After a successful run with the 380Z RM released this, a smaller cassette based
machine built round the 4 mhz Z80A processor with 32k of memory. Originally
produced in a black steel case (apparently the tool used to make the plastic
cases was dropped!) with a 40 character TV interface, it was later expanded
to have an 80 column monitor output and 64K RAM. Once the moulding problems had been sorted
the white plastic cased version was released, and by this time there was also
a hi-res add-on card that allowed colour output - the original was monochrome
only. The only peripheral I can remember being released was a floppy drive even
though the base hardware wasn't designed for one - in CBM style all comms were
done using a high speed serial link.
This was the last Z80 machine RM produced; the followup was the high-spec PC-186.
When I got this machine I thought it had been cannibalised and wasn't happy poking
around with PSUs so I left it alone. Cut to 2017 and there had been chat on a collector's mailing list about the necessary voltages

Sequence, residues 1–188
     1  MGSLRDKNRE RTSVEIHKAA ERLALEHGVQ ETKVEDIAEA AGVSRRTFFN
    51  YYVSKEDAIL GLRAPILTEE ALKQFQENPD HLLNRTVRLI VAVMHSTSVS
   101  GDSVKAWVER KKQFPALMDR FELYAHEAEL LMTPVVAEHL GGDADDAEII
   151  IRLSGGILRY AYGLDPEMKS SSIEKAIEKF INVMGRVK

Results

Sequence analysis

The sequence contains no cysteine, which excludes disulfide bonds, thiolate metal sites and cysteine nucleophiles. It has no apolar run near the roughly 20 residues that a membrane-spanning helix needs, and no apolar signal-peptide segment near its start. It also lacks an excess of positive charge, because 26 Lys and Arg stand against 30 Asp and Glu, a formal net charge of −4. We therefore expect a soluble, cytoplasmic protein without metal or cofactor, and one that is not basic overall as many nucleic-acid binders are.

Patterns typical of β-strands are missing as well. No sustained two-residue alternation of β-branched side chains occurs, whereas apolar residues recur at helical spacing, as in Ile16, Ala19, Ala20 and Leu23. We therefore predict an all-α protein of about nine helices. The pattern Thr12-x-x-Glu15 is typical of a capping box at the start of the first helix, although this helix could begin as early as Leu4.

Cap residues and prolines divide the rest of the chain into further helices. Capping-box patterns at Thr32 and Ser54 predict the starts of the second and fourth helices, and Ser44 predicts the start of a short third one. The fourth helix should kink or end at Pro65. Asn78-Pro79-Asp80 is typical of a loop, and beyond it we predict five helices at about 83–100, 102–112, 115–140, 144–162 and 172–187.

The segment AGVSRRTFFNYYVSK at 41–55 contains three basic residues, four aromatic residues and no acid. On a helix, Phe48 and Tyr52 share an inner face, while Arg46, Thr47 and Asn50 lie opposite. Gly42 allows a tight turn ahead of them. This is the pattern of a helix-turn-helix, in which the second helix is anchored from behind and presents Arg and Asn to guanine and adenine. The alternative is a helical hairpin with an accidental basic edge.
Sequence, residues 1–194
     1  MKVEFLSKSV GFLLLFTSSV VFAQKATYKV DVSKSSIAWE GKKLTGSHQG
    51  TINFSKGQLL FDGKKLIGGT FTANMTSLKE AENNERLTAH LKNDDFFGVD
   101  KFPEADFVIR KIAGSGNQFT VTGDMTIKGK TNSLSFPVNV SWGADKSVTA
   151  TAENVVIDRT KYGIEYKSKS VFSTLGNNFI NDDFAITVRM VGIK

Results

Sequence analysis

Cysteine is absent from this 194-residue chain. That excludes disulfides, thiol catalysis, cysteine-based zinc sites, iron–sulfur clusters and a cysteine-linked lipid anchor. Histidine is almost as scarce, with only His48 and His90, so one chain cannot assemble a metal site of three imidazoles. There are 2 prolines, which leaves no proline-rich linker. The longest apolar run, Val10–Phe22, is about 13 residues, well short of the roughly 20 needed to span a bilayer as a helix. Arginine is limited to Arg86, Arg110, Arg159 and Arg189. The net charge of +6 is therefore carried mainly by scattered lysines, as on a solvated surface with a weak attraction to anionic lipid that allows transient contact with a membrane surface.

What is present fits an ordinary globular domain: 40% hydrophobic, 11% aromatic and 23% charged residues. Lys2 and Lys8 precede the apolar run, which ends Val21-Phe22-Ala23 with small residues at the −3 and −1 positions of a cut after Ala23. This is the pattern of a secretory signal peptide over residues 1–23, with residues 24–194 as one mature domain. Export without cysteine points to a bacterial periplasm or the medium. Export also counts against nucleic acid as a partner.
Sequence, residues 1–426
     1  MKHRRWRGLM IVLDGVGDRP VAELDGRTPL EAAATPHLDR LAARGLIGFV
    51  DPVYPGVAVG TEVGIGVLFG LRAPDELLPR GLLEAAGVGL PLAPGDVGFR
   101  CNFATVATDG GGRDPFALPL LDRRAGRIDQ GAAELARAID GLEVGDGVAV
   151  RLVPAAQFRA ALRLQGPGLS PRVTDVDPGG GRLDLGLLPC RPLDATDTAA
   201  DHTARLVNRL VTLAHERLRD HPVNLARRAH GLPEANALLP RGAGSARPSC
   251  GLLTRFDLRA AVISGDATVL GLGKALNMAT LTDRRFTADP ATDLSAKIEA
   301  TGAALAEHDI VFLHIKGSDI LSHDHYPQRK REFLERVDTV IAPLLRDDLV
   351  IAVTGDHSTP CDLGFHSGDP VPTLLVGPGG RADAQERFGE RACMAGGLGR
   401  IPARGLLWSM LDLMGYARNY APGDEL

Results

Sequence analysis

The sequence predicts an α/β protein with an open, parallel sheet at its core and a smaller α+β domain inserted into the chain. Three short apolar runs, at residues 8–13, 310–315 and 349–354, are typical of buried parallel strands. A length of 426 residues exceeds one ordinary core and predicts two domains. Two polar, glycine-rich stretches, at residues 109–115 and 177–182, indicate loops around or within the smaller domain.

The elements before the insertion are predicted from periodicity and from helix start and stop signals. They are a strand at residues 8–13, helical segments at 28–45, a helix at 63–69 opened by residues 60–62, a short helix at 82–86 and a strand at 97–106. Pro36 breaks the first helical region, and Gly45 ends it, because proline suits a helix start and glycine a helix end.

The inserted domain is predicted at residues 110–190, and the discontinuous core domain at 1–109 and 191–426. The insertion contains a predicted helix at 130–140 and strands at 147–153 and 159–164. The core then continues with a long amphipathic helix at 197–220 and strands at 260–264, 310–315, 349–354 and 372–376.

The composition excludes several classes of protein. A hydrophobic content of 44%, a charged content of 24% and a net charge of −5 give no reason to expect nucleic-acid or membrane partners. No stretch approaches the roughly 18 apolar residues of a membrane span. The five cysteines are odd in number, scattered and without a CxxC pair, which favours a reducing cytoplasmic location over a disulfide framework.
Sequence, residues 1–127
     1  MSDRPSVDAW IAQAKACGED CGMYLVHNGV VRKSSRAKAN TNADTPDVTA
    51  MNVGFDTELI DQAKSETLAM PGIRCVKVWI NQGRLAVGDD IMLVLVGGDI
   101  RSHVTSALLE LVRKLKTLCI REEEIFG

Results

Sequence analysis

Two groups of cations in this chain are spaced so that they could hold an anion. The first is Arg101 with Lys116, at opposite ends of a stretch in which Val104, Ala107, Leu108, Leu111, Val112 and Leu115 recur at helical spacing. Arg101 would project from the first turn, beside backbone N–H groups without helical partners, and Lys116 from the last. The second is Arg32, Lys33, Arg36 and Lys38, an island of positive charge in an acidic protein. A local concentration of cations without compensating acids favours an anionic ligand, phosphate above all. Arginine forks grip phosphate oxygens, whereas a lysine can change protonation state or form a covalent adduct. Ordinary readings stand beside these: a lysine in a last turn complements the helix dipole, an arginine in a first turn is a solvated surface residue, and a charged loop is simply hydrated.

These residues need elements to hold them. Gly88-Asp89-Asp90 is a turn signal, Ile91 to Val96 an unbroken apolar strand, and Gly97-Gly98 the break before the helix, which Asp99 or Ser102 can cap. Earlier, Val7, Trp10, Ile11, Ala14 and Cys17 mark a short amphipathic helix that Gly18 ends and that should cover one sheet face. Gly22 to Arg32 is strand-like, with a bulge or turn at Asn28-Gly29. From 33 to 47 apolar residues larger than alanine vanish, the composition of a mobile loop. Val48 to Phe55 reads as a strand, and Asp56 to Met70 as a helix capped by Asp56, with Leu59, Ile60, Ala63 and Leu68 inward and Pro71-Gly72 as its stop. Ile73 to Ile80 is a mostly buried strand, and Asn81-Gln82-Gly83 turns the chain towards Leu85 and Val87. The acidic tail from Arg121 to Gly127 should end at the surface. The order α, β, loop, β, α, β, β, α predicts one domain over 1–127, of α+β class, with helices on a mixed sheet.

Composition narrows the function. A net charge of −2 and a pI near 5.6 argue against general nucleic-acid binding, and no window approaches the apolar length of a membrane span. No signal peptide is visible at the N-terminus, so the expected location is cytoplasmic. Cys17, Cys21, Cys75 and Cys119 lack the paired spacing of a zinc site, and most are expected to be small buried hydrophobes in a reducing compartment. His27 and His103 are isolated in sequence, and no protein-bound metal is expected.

and they matched some new PSUs I'd bought for anything that had 4116 DRAMs in, ie needed +5V, +12V and -12V.
After reassembling I tested the PSU and was surprised to see it was good, just needed the output adjusting.
The ROMs were OK so I cleaned and reseated the socketed chips and.... it NEARLY worked.
The Z80 was running, the boot ROM was being selected and there was CAS and RAS at each RAM chip.
Black flickering screen output though. Looking at the schematics for the video circuit it reminded me of the
Grundy Newbrain, it was easy to trace backwards from the
input to the modulator and test all the video generating chips on the way with my new BitScope Micro -
a handy portable oscilloscope and logic analyser. It showed that the video output from a 74LS166 shift register was missing -
all the inputs were good and the truth table on the datasheet showed there SHOULD be an output.
Whip it off with the desoldering station, fit a socket and new LS166 and we're in business!